Army Officer: Salary, Requirements and Duties

Learn about the education and preparation needed to become an army officer. Get a quick view of the requirements as well as details about schooling, job duties and training to find out if this is the career for you.

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With a high school diploma, it is possible to pursue a career in the military; however, bachelor's degrees are preferred, and career officers are also required to have a graduate degree. Duties vary depending on the specialization and occupational grouping.

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Essential Information

Army officers lead the military services of the United States in defending and protecting the country's interests. They perform a wide variety of duties ranging from military operations to counseling soldiers. The Armed Forces generally require most applicants to possess at least a high school diploma or have equivalent credentials. Army officers then choose a specialization, such as engineering, mechanics, or healthcare, and pursue a college education in that area. A bachelor's degree is the minimum amount of education preferred, and graduate degrees are generally expected of career officers.

Additionally, they must meet all of the army's entry criteria before enlisting.

Required Education Bachelor's degree
Other Requirements Minimum age, physical standards and training as required by the Army
Projected Job Growth 0% between 2014-2024 (for armed forces)*
Median Salary (2015) Dependent on contract, rank and experience*

Source: *U.S. Bureau of Labor Statistics'

Salary

An army officer's exact pay varies greatly depending on the contract they initially sign, the rank they've attained, their experience and their field. According to the Army's website, officers are categorized as second lieutenant, first lieutenant, captain, major, lieutenant colonel, colonel and general officer. Base pay rates vary by years of experience and rank. Army personnel are also provided housing or a housing allowance.

Requirements

Several requirements must be met prior to military training and officer promotion. The exact requirements vary, but generally they require applicants to be of a certain age, meet a certain physical standard and possess a good character. Upon joining the military, individuals sign a contract that demonstrates a commitment to staying in the military for a certain period of time.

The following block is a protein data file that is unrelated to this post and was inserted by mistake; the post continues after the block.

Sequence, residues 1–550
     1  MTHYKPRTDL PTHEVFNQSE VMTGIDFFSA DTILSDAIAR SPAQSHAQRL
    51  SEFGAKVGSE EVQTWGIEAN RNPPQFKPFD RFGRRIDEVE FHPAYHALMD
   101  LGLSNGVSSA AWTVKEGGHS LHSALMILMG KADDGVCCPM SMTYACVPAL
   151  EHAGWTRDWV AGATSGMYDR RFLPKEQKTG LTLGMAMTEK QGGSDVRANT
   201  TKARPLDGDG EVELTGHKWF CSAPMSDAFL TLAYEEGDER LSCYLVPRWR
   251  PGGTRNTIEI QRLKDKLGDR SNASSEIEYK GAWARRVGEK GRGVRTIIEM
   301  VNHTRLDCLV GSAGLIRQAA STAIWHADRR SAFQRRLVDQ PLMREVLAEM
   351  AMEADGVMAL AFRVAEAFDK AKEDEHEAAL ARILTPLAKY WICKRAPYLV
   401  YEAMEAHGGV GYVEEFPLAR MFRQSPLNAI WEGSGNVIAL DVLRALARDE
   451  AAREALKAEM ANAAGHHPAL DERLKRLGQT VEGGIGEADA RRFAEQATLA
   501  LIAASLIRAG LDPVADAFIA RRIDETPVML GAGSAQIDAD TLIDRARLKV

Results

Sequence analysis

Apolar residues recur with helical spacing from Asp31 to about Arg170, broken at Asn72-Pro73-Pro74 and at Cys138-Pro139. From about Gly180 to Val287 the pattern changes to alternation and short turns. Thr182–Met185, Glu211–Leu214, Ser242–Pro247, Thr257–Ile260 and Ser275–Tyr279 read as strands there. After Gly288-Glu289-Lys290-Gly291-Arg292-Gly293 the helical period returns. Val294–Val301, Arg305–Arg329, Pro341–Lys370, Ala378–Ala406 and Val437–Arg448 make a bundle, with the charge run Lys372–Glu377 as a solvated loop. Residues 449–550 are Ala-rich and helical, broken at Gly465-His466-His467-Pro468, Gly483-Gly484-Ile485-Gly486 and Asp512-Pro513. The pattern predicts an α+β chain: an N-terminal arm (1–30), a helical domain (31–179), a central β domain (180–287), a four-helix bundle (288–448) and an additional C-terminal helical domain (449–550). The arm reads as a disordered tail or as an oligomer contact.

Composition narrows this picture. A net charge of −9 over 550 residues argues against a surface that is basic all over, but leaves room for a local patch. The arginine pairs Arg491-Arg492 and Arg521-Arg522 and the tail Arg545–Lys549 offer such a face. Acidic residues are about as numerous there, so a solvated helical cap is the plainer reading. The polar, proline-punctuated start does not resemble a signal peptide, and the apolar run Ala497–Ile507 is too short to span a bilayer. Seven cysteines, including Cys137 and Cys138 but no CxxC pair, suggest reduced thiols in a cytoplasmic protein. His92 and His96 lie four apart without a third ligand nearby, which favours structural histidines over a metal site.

Aspiring officers are required to complete numerous training programs. They complete training through various federal service academies or other programs, like Officer Candidate School, Officer Training School or ROTC (Reserve Officer Training Corps). These schools can be tough to get into, so potential army officers need to look into the necessary prerequisites and ensure that they meet them.

The Armed Forces follows a structured promotion system, so individuals need to pass other phases before reaching the terminal title of general officer, which generally takes 25 years to reach.

Duties

Officers' job duties are based on their occupational grouping. Officers select or are assigned to one of three elements: combat, combat support or combat service support. Each of these elements have ''branches'', such as infantry, artillery, ordnance, quartermaster and so on. Army officers working in a combat specialty supervise and run combat units and military activities. Officers are rotationally assigned to line and staff assignments during their careers.

Officers are also rotationally assigned to short- and long-term duty assignments within the U.S. and in foreign countries. When necessary, foreign billets include war zones. Such assignments vary between one to three-plus years. Some temporary duty postings do not allow the officer to be accompanied by his or her family.

Army officers need at least a bachelor's degree, and a graduate degree is common for career officers. Pay depends on job duties, and no job growth is expected in the armed forces through 2024. Individuals planning to pursue a military career can gain experience by enrolling in JROTC programs in high school.

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